posted on Mar, 16 2017 @ 03:16 AM
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Im still stuck on violating an oath.

So hate me.. who cares. I dont violate oaths and I know how to keep a secret. Lord knows Ive kept where the husbands most favorite hideously ugly shorts and have never told anyone.



posted on Mar, 16 2017 @ 03:19 AM
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originally posted by: Neith
Tip #4 - Do Not listen to Vector. He's clearly drinking right now.

I actually like what Snowden did. up to the point he started telling foreign governments when, where, and how we spied on them. That is the kind of thing that could potentially start a war.

Like I said, he should kept his leaks to domestic affairs only. I was all for the guy at that point.



posted on Mar, 16 2017 @ 03:26 AM
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originally posted by: Vector99

originally posted by: Neith
Tip #4 - Do Not listen to Vector. He's clearly drinking right now.

I actually like what Snowden did. up to the point he started telling foreign governments when, where, and how we spied on them. That is the kind of thing that could potentially start a war.

Like I said, he should kept his leaks to domestic affairs only. I was all for the guy at that point.

As if they didn't already know that. The only difference is now they can publicly bitch about it.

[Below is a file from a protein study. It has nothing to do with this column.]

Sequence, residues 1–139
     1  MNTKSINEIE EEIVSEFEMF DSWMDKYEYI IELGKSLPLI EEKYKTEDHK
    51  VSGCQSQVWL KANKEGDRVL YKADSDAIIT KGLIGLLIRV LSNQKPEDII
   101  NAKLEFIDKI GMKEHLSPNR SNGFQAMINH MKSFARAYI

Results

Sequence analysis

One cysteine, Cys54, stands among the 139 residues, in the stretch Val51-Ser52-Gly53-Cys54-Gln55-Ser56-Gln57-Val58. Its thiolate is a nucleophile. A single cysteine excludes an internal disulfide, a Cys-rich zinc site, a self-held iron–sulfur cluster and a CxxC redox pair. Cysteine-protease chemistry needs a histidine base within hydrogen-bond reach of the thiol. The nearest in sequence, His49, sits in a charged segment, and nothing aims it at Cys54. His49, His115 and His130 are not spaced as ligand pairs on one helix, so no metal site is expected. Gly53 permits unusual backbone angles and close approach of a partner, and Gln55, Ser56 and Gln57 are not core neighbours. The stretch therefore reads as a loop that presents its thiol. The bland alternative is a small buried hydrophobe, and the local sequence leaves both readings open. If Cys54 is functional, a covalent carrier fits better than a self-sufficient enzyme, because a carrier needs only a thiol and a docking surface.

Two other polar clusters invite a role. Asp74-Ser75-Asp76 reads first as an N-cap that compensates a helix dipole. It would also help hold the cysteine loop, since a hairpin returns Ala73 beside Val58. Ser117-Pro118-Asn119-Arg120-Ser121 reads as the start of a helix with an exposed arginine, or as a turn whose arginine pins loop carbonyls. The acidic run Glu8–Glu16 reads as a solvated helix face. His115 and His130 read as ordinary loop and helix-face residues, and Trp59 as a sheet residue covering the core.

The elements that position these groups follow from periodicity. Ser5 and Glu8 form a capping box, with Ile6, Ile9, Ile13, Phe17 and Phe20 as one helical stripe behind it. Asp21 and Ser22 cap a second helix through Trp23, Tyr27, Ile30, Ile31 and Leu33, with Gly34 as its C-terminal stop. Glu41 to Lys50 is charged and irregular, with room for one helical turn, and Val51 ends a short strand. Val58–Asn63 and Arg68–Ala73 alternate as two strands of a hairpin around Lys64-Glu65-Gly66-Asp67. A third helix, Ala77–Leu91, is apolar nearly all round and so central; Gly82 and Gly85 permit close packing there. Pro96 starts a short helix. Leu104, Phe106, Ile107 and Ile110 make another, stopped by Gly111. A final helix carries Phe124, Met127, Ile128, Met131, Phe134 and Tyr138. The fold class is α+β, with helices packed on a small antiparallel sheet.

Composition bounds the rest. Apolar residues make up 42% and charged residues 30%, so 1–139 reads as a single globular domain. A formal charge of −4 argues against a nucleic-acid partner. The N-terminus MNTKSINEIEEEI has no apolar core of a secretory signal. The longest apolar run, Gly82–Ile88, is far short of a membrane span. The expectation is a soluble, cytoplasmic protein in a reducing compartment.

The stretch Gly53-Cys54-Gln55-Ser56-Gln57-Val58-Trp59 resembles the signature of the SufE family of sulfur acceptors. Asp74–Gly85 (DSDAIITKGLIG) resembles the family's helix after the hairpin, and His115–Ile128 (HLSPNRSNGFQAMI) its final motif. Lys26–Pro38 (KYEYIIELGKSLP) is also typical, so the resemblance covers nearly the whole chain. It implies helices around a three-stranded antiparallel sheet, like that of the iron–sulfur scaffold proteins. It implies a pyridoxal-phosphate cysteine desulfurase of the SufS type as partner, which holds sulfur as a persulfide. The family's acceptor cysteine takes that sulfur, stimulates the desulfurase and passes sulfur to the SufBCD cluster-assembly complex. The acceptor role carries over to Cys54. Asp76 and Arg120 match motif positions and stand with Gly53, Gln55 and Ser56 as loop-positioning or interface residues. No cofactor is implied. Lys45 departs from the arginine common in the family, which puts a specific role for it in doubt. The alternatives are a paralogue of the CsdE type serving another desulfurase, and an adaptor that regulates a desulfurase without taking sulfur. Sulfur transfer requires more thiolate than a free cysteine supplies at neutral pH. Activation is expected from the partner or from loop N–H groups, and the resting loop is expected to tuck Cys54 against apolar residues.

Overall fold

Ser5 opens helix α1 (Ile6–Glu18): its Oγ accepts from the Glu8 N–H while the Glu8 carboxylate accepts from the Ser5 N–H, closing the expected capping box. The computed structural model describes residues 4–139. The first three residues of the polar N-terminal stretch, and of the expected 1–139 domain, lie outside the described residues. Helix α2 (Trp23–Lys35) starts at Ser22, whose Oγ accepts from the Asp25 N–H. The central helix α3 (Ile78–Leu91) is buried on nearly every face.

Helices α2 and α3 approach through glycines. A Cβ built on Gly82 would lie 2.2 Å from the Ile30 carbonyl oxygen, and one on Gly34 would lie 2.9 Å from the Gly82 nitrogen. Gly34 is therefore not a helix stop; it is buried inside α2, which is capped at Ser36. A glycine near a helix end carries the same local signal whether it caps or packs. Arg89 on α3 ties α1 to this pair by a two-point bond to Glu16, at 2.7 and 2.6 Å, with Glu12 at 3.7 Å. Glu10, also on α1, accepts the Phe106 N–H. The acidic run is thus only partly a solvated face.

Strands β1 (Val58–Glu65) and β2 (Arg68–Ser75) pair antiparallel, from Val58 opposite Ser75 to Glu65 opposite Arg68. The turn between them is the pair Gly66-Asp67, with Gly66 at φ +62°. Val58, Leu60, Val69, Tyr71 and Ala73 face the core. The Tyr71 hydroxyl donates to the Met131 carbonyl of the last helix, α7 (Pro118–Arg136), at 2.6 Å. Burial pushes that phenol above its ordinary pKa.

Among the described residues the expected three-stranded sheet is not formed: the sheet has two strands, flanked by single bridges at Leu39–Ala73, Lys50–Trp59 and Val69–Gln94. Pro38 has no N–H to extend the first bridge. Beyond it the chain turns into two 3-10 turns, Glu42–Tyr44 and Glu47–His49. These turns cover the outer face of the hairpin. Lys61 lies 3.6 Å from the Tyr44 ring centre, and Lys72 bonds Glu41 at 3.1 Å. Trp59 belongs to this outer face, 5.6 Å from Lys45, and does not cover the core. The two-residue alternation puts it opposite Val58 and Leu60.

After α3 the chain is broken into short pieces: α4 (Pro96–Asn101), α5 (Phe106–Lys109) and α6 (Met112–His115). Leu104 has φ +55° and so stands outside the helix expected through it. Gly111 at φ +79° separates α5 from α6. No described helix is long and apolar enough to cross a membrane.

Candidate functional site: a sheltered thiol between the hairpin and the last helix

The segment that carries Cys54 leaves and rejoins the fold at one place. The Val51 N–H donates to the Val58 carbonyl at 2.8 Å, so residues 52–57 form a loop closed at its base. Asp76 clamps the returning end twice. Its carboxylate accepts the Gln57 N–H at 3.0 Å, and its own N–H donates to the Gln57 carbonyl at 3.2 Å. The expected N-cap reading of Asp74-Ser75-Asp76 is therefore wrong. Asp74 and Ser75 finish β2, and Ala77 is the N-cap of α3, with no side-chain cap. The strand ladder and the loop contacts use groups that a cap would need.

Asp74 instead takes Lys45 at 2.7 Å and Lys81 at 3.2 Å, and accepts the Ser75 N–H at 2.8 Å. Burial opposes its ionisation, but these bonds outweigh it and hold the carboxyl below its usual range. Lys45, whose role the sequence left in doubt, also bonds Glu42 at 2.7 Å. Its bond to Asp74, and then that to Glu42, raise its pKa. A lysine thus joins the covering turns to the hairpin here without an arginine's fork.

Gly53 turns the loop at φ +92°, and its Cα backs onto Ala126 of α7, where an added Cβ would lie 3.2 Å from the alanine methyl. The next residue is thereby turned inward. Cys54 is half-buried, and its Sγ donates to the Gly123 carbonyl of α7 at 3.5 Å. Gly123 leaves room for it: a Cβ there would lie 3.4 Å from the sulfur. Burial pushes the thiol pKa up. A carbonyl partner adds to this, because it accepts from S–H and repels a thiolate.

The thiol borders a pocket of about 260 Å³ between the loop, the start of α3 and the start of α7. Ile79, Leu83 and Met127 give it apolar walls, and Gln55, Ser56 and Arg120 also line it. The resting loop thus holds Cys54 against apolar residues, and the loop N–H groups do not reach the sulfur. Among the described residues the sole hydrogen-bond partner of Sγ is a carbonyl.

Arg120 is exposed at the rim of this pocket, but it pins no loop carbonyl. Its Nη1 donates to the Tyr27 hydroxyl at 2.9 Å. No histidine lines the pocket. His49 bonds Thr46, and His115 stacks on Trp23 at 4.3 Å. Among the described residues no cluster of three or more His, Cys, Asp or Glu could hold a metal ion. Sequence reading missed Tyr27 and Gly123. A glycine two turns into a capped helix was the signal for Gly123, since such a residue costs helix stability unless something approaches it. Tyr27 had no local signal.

edit on 16-3-2017 by TheBadCabbie because: to add Snowden quote



posted on Mar, 16 2017 @ 03:29 AM
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a reply to: Vector99

I'd probably do the same thing he did. I mean, they must have their tentacles in deep to expose this stuff right, fifty five eye network and all. It may just be he did what he did in order to coerce the rest to admit it, or maybe he just wanted to see them all yell at each over it and get their stories wrong so people could see it for what it really was. Team Work done badly.



posted on Mar, 16 2017 @ 03:29 AM
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a reply to: TheBadCabbie

I'm sure most knew, but did they know the full extent? Not likely.

He shouldn't have meddled in foreign affairs. For reasons like you said, now they can publicly bitch about it, and we cannot in return, because we haven't proven they do the same even though we all know they do.



posted on Mar, 16 2017 @ 03:34 AM
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originally posted by: Neith
a reply to: Vector99

I'd probably do the same thing he did. I mean, they must have their tentacles in deep to expose this stuff right, fifty five eye network and all. It may just be he did what he did in order to coerce the rest to admit it, or maybe he just wanted to see them all yell at each over it and get their stories wrong so people could see it for what it really was. Team Work done badly.

Personally, I would have done exactly the same thing Snowden did, and stopped before releasing information regarding foreign surveillance. That info is for other governments to figure out on their own, and I know for sure all governments do it.

Then again I guess I am a hypocrite in a sense because I welcome vault 7 releases from wikileaks with open arms.

I just feel something else was behind Snowden's leaks.



posted on Mar, 16 2017 @ 03:37 AM
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If the roles were reversed and Snowden defected to the US with Russia's secrets, Putin would have sent an army Polonium bearing assassins and Snowden would have been dead for his treason rather quickly.